• Login
  • No products in the basket.

What are the best second language acquisition strategies?

There are two, fundamental second language acquisition strategies, better known as approaches: the deductive approach and the inductive approach. Only one of those two teaching strategies in second language acquisition paces our brains pattern when they absorb new input and they develop new skills. In this article you are going to learn about the learning cycle and how this reflects in second language acquisition.

Especially when language teachers have just started out, they may be confused about the strategies we can apply in second and foreign language acquisition. Let’s get clarity on this fundamental topic, then.

In this article I’m going to answer the following key questions:

  1. What are the second language acquisition strategies?
  2. How should we choose the right strategy?
  3. How do those strategies work?
  4. Which is the most effective strategy in second and foreign language teaching?

Clarified that, because I LLLLLOVE when teachers take action, you can dive into the implementation of what you’re going to explore below starting from today. It’s easy and fun: just grab your free guide in the top 5 strategies for getting your students to speak and engaged and follow the tips for taking action and getting the results you want from your very next lesson:



What are the second language acquisition strategies?

There are two fundamental second language acquisition strategies or, better said, two approaches languages teachers can refer to:

  • deductive approach
  • inductive approach

The deductive approach is a teaching approach that focuses on the grammar as a starting point for learning the target language. Also, this is a teacher-centred approach, meaning that the teacher shows the new information and the students will practise to put it into use. Learning is the outcome of formal instruction and its goal is to build conscious knowledge ‘about’ the language, for example knowledge of grammar rules.

The inductive approach is a teaching approach that focuses on the communicative act and it is student-centred, meaning that the teacher gives the new information, such as lexis or grammar structures,  within a communicative context and the learners will guess what that means and how it works. The inductive approach triggers a subconscious process that leads to acquisition.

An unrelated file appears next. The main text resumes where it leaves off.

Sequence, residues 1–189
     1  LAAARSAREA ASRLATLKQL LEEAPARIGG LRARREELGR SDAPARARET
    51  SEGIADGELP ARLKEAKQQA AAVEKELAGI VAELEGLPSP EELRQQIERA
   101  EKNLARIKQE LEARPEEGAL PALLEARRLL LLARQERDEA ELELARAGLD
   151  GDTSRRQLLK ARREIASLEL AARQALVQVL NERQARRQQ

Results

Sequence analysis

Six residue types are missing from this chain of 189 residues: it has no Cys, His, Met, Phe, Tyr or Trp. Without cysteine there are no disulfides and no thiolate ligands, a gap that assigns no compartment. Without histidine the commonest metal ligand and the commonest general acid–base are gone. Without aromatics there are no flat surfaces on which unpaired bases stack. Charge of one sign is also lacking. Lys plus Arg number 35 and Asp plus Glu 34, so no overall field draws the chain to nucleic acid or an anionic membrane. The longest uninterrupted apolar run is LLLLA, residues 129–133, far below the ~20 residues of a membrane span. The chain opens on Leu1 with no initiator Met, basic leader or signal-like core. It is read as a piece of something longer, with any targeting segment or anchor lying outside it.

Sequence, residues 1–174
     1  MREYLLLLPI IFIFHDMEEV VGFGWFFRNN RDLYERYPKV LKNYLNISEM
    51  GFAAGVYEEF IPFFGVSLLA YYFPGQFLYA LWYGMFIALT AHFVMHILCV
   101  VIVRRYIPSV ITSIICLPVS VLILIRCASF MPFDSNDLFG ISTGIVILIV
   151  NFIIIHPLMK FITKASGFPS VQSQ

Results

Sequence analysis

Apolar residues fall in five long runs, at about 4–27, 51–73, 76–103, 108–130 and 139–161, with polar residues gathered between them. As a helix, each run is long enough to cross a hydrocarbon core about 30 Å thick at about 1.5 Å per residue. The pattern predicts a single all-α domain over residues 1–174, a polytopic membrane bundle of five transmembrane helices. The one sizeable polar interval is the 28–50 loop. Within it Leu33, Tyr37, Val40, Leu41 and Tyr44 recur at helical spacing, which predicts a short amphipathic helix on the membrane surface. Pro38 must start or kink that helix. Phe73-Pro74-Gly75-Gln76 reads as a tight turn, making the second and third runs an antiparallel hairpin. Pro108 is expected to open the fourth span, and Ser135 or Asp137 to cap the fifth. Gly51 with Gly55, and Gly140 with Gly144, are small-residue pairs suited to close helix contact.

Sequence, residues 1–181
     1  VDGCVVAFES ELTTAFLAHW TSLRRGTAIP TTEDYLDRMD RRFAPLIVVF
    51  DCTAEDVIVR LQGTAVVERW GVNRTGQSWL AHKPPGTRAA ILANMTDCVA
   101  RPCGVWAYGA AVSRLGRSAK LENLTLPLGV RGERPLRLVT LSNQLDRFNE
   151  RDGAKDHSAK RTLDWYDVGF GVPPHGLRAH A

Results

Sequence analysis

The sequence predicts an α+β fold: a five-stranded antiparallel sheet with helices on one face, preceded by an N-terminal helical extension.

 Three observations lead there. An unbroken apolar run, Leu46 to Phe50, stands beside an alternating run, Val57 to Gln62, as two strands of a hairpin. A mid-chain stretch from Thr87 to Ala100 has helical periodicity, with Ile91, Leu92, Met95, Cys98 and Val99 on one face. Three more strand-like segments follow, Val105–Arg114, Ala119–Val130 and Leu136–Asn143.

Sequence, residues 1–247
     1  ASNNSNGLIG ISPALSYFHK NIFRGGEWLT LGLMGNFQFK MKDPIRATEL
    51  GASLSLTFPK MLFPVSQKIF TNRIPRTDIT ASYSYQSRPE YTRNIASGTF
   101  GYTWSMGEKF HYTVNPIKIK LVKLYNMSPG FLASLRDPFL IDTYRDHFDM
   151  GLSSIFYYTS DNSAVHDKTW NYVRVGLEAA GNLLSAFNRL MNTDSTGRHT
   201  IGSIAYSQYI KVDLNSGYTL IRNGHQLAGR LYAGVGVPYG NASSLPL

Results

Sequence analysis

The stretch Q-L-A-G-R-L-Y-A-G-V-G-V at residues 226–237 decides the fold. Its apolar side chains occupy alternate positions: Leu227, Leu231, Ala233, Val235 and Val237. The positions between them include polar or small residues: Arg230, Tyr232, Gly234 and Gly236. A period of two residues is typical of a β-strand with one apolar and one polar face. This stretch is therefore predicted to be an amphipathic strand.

Here comes the distinction made by Prof. Stephen Krashen between learning and acquisition:

  • Learning is the outcome of formal instruction (aka deductive approach)
  • Acquisition is the outcome of a subconscious process (aka inductive approach).

All other teaching strategies in second language acquisition come from those two approaches.

How should we choose the right strategy?

According to Krashen, acquisition should be the goal any language teachers should aim at. In the past, the deductive approach was the only commonly recognised approach, whilst nowadays the inductive approach is widely applied since it’s been recognised as the most effective between the two teaching strategies in second language acquisition. Nevertheless, the deductive approach is still the only teaching strategy many teachers know and that they can apply: think about the majority of the language lectures at the university, for instance.

That said, it’s up to you to choose which approach to stick to. In my opinion, the inductive approach is definitely winner because it enables the teachers to take the students to:

  • To develop real communication skills (rather than only a theoretical knowledge about the target language)
  • To become able to use the target language for communicating with other people and for expressing themselves
  • To long-lasting memorisation and to self-efficiency
  • To enjoy learning the target language and, therefore, to become more and more self-efficient as learners and progressively more aware of the cultural implications that learning a language has.